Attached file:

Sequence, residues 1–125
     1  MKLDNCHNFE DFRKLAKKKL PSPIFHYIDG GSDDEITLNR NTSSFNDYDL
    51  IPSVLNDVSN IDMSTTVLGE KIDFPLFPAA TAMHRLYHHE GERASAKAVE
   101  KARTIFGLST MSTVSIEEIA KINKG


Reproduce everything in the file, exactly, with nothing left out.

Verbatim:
Sequence, residues 1–125
     1  MKLDNCHNFE DFRKLAKKKL PSPIFHYIDG GSDDEITLNR NTSSFNDYDL
    51  IPSVLNDVSN IDMSTTVLGE KIDFPLFPAA TAMHRLYHHE GERASAKAVE
   101  KARTIFGLST MSTVSIEEIA KINKG